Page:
n less land would be needed is because of the overall higher efficiency of generating hydrogen by splitting water molecules using solar energy to drive the electrolysis. Usually, the hydrogen in liquid fuels made from biomass comes from the plant matter itself. But it typically takes more than 10 times the solar energy to grow crops than it does to produce the equivalent quantity of hydrogen possessing the same energy content by using the solar-power electrolysis method, he said.
"So providing hydrogen derived from water through solar electrolysis reduces the amount of biomass needed," Agrawal said. "The average energy efficiency of growing crops is typically less than 1 percent, whereas the energy efficiency of photovoltaic cells to split water into hydrogen and oxygen is about 8-10 percent. I am getting hydrogen at a higher efficiency than I get biomass, meaning I need less land."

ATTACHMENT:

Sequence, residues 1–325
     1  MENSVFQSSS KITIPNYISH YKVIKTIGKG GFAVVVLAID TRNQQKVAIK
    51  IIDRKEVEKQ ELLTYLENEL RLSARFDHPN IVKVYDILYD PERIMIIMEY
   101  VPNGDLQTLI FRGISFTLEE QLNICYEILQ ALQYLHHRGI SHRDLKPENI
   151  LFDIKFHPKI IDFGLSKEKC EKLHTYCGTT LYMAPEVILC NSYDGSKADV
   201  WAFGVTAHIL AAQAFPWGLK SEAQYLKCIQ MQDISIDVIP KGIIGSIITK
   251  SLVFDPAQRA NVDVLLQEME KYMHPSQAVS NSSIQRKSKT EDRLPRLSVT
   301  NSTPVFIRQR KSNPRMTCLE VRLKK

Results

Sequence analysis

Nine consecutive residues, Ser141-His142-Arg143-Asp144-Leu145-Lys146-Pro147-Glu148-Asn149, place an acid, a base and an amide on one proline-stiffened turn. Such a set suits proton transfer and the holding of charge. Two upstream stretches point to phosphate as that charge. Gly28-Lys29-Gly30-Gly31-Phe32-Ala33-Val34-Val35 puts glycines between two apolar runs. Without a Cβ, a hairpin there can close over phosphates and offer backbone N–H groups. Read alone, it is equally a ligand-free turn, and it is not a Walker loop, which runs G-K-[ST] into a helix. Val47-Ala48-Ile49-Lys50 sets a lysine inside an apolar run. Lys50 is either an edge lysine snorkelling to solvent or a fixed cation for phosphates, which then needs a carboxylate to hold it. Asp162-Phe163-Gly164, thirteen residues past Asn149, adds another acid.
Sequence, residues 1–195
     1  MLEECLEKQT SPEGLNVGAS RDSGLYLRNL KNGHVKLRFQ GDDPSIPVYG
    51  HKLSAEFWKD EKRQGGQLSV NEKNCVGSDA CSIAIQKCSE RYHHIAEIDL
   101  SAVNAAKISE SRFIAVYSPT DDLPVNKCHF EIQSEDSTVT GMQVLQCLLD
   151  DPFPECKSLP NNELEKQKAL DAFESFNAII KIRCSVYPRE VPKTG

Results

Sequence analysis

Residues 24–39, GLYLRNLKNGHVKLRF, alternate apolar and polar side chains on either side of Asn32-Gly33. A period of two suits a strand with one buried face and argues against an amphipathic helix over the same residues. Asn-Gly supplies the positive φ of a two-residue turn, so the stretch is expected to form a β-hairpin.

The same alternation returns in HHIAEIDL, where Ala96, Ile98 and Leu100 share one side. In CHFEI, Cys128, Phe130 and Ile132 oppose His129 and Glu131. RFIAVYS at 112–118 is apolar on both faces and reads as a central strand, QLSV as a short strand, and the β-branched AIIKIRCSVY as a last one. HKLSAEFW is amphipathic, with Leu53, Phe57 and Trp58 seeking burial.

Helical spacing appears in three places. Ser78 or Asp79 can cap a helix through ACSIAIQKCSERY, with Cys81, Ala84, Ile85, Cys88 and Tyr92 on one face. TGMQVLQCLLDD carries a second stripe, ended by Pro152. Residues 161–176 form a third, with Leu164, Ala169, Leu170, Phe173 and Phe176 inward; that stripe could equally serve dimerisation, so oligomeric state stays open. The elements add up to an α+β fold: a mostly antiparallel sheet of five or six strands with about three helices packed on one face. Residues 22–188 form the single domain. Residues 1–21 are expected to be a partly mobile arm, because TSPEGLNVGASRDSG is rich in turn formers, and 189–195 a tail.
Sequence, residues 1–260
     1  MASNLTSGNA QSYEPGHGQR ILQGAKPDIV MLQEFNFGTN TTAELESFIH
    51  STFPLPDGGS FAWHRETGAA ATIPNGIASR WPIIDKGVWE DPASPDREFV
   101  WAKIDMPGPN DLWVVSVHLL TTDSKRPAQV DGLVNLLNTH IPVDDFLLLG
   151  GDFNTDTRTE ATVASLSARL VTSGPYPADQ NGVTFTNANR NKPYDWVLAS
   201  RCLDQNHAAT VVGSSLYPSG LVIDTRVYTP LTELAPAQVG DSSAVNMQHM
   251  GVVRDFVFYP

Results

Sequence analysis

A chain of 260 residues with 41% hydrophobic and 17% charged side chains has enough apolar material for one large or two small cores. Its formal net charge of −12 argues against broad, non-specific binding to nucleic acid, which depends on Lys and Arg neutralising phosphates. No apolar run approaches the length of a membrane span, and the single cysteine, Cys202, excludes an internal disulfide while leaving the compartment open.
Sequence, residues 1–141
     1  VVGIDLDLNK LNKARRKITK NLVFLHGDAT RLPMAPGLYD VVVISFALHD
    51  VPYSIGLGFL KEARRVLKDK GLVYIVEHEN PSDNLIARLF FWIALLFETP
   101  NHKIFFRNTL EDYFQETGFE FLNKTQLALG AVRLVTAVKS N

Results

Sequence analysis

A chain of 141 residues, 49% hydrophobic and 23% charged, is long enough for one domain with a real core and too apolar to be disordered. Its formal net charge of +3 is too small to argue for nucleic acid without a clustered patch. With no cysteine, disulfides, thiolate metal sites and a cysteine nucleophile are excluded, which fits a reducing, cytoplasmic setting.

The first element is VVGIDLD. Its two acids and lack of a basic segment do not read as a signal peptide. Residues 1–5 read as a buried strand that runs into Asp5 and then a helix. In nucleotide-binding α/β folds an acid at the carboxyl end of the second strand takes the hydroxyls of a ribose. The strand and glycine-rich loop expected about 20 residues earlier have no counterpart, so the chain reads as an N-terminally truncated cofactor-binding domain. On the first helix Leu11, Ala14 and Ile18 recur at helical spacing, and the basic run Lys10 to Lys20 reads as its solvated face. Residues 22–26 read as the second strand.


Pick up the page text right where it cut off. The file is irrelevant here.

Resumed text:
Using coal exclusively to produce liquid fuels for the nation's transportation sector could deplete all coal deposits in the United States in about 90 years, whereas H2CAR would enable the known coal reserves to last 140 years.
The researchers suggest in the paper the chemical processing steps needed to make the new approach practical. But making the concept economically competitive with gasoline and diesel fuel would require research in two areas: finding ways to produce cheap hydrogen from carbon-free sources and developing a new type of gasifier needed for the process.
"Having said that, this is the first concept for creating a sustainable system that derives all of our transportation fuels from biomass," Agrawal said.
Purdue has filed a patent for the concept. The approach is in the conceptual stages, and a plan for experimental research is in progress.Page: 1 2 3 4 Related biology news :1
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